ST. GEORGE, Utah (ABC4) – Addiction recovery centers are struggling to keep up with the demand as law enforcement officials in Southern Utah continue efforts to halt the war on drugs. The number one issue, experts say, is fentanyl.

Scott Mayfield is a retired law enforcement official and his wife Lori is a medical professional. Now, they run Hope Rising Detox and Rehabilitation in Washington County.

“We’ve seen an exponential growth as far as clients coming to us seeking treatment, we’re seeing a lot more fentanyl now than we have in the past and so that’s becoming our biggest challenge,” says Mayfield.

Leaders at Lions Gate Recovery agree. They say they averaged 250 new phone calls a month for 2020-2021. Now they are getting about 500 calls per month.

Information from the health department states:

“Drug poisoning deaths are a preventable public health problem; they are the leading cause of injury death in Utah, outpacing deaths due to firearms, falls, and motor vehicle crashes. Ten Utah adults die each week from drug overdose; eight of which are a result of opioids; and four due to prescription opioids, specifically. Utah is particularly affected by prescription opioids, which are responsible for 41% of the unintentional and undetermined drug poisoning deaths in the state.”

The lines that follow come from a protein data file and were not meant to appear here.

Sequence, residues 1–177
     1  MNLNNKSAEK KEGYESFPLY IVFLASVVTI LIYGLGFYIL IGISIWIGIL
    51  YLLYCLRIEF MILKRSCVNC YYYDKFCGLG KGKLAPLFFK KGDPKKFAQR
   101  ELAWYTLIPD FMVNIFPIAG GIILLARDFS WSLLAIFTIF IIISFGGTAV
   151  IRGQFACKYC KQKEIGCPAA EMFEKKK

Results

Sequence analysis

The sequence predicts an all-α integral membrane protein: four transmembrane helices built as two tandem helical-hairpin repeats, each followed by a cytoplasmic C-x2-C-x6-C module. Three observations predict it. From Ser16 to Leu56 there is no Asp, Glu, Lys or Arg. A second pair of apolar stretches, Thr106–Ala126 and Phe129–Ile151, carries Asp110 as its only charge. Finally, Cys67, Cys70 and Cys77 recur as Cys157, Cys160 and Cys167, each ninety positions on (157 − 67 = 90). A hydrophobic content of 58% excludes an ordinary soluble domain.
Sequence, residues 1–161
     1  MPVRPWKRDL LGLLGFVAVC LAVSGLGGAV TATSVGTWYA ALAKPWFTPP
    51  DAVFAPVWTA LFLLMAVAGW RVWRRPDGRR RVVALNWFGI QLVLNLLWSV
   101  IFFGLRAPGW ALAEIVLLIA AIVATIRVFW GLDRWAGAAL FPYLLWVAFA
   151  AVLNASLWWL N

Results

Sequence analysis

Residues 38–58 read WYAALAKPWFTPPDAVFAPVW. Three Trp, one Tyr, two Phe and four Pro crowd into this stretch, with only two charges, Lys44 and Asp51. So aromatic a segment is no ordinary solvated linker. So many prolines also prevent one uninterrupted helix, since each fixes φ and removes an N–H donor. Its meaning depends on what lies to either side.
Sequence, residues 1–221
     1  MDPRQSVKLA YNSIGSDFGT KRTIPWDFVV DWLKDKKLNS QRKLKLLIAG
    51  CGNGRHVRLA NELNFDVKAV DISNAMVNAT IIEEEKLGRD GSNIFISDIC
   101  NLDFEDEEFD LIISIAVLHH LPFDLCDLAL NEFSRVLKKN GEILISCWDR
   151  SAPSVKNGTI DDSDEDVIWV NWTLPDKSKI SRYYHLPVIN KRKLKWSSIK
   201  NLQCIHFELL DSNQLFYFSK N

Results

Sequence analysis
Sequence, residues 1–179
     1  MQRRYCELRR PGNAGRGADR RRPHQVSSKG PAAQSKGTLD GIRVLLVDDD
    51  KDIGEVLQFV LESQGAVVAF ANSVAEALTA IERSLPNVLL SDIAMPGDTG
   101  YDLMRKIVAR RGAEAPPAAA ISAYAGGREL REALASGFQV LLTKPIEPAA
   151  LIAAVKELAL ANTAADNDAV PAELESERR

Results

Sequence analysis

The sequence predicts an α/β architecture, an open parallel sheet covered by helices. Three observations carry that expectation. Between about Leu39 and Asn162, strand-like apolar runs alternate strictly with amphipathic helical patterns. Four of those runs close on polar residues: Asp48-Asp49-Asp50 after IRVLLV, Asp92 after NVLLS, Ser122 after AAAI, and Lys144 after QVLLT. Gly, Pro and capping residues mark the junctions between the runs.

“Not just drugs in Utah, but drug overdose deaths particularly related to fentanyl,” says Josh Campbell, the operations director for Lions Gate Recovery.

They say once people are arrested after being caught with drugs, many of them come to their centers seeking help, and the facilities are struggling to keep up with the demand.

“On the staffing side, for sure we’re having a challenge that way too, because with that growth in the state of Utah and the challenge of the pandemic, finding staff to work with clients who come in has been a real challenge for us,” says Mayfield.

“We don’t have enough therapists and doctors to keep up with the exponential growth of drug problems,” says Campbell.

Campbell says fentanyl is potent and just the amount of Abraham Lincoln’s head on a penny, is enough to kill someone.

“Fentanyl is 50 times more powerful than heroin, where it gets dangerous is they’re pressing them into pills or another substance, it increases the effectiveness of it but it increases the overdose chances,” he says.

Mayfield says mental health resources is also a growing challenge. He and Campbell say the community is in dire need of more professionals to help during this unprecedented demand.